American Honey

American Honey ★★★★½

I miss those days
As the years go by
Nothin' sweeter than summertime
And American honey
And American honey

American Honey's title pretty much sums up what it is about. You know, in my country we have these baked sweets we call "pastel". We also use "pastel" as an adjective for movies mostly focused on human drama and relationships. American Honey is a complete pastel. An american pastel, so sweetened in its drama and conflicts, full of honey, really. The most tasteful pastel.

It could go on to become distasteful, though, sometimes. A film that follows some problematic youth in a road trip through American would obviously be bound to get nasty at some point. They are all white trash, indeed. None of them particularly smart. Three times during the film I'm sure that they are metaphorically compared to cattle, transported mercilessly to fulfill a purpose that is not their own. And yet, there's a goodness to all of them. None of them seem bad people. Just kids dropped in a sad world.

The 2h45 runtime serves the clear purpose of humanizing them, of telling their fictional story, that might aswell be someone's true story out there. Riding on the back of a fierce heroine, Star, played beautifully by newcomer Sasha Lane, whose face and attitude could've been the inspiration for just about any song by Rihanna. Speaking of Rihanna, had they played We Found Love a third time and I would've started to sing along. All the film lacks is Riley Keough pole dancing to the sound of Kiss it Better, really.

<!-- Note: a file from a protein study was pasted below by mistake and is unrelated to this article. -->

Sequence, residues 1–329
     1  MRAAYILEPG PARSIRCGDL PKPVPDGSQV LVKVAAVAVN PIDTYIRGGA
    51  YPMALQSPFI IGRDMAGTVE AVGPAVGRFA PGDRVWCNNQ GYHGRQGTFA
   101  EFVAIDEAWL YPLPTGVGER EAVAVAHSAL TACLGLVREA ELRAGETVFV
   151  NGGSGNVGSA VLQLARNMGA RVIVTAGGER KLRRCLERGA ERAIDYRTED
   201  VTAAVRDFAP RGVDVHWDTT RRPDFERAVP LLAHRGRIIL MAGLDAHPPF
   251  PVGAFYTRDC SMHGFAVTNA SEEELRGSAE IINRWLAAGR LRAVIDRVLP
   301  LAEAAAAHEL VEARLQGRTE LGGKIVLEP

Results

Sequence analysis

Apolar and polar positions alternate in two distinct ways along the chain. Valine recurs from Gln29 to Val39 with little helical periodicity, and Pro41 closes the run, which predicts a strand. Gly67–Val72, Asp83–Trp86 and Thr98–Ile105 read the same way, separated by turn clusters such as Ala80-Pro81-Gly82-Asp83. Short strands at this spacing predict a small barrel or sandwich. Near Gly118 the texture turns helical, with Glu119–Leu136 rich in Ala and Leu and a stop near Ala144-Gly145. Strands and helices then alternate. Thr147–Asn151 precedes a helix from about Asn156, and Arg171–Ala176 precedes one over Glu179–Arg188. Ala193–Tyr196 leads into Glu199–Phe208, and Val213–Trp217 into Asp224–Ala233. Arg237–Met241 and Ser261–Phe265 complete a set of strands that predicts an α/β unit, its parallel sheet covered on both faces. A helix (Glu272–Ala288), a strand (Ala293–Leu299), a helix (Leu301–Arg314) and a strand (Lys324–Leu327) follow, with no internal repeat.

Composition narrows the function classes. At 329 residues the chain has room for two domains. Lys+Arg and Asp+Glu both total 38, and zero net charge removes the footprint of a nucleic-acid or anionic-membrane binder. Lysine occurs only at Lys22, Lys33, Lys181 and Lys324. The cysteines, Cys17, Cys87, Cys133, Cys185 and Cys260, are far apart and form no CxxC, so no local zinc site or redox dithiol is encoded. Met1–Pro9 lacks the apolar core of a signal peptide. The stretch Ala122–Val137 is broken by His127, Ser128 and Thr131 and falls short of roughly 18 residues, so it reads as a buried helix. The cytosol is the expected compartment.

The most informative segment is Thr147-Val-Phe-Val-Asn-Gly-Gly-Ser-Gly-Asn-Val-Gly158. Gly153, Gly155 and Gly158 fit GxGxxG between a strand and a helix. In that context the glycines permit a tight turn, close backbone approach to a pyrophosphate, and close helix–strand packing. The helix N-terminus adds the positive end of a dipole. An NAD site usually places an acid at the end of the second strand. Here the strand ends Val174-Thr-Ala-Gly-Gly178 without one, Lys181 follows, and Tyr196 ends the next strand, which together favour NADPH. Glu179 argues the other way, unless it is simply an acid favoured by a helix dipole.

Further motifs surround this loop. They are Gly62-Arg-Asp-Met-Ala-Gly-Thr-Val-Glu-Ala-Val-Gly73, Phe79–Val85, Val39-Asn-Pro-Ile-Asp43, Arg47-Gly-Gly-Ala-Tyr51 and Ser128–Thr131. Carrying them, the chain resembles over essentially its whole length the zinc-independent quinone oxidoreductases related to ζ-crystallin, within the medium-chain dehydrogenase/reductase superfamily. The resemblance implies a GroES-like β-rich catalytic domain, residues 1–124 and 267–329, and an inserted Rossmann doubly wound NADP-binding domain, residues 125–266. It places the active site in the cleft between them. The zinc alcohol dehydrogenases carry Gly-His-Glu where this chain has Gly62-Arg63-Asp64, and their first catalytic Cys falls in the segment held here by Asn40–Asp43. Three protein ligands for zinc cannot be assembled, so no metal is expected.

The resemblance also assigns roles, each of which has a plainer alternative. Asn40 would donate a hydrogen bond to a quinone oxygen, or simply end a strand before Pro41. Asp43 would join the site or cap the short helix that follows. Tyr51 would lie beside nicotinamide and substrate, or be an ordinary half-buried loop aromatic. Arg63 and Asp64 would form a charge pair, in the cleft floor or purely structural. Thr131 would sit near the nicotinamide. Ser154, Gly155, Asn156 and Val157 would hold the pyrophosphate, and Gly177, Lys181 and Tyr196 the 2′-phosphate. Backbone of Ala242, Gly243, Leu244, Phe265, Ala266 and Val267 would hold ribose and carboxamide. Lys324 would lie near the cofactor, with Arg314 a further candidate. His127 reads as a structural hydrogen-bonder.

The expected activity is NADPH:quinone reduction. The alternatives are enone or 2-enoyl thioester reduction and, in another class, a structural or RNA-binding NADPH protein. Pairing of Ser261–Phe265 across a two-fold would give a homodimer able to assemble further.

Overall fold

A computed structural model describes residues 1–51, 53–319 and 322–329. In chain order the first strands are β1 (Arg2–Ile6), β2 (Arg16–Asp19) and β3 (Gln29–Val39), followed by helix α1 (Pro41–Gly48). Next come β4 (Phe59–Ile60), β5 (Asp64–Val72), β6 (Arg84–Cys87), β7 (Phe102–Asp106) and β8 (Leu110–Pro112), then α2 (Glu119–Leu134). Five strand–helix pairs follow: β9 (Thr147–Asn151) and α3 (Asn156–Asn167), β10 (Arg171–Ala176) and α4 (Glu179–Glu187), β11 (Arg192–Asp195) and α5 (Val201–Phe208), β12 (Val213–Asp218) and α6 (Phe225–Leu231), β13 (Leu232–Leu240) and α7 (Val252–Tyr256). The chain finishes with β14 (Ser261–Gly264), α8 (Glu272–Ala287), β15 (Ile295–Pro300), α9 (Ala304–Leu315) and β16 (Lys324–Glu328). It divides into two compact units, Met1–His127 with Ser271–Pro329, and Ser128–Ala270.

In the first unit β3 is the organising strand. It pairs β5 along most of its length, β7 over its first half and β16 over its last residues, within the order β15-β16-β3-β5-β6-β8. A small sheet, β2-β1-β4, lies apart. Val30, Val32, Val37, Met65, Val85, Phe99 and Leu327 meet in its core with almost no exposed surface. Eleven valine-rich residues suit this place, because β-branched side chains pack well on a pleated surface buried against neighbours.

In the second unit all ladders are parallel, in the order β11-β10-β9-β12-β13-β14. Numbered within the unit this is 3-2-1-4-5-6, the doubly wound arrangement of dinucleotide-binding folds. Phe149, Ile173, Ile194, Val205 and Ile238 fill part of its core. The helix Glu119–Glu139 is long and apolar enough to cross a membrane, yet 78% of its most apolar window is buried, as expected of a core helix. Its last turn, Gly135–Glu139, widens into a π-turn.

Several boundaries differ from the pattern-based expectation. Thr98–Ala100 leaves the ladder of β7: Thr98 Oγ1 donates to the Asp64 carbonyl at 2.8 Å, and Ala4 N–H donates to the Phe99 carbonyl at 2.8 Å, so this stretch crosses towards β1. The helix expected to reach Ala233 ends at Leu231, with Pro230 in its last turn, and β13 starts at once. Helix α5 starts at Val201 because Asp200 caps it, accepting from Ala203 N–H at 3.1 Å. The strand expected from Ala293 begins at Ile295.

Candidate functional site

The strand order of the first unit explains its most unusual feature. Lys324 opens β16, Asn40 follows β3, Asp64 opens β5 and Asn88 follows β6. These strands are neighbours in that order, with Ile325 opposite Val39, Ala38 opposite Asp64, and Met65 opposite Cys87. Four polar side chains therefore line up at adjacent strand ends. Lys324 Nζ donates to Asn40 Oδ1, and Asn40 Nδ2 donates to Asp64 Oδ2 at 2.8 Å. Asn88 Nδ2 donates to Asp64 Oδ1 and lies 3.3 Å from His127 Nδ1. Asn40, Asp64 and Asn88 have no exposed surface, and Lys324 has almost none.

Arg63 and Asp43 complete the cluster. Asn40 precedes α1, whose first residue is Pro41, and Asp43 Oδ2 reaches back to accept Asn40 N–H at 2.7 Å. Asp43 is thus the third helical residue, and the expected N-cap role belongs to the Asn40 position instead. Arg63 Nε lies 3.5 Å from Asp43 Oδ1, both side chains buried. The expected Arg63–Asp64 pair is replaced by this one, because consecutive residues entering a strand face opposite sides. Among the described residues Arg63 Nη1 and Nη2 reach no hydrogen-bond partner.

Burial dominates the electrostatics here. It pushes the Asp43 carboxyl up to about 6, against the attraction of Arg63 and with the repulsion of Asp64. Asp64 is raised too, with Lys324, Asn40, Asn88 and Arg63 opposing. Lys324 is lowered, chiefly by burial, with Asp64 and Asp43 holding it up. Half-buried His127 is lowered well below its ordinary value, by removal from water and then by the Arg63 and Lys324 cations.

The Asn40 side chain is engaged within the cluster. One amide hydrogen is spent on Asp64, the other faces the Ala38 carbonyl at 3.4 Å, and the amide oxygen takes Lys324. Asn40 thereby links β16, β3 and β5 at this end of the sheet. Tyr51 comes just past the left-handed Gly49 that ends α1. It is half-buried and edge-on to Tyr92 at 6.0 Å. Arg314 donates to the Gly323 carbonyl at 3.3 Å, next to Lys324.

Oh, and Riley Keough. The whitest and trashiest white trash I've ever seen. I could watch that american honey playing Krystal until the end of the time. And the thing is... she's an outstanding actress. Krystal is vile, arrogant, the most opportunist skank, and you're there not knowing whether to admire her for standing so much for her unfair ideals, or to simply hate her for being so mean and not even seeing it. Either way, Keough steals the show everytime she appears, which probably accounts for some fifteen minutes of screentime. Some of the most beautiful I've seen at the movies this year.

Reducing American Honey to its villain would be to dismiss the whole point of the film, which I've already hailed. I had never seen a film by Andrea Arnold. Evaluating from this, the realness and the feelingness of it all, allied to an explosive soundtrack, some of the most beautiful cinematography to have graced the screen in 2016 - shot on an emotion-filled 4:3 AR - and some outstanding work by its two main actresses, makes me believe there might be more to Arnold's career, past and future, that I'm super up to discovering.

As for this one... Pretty sweet. A true cultural landmark. Could've lasted three more hours, I wouldn't have bothered.

Watched in LEFFest 2016.

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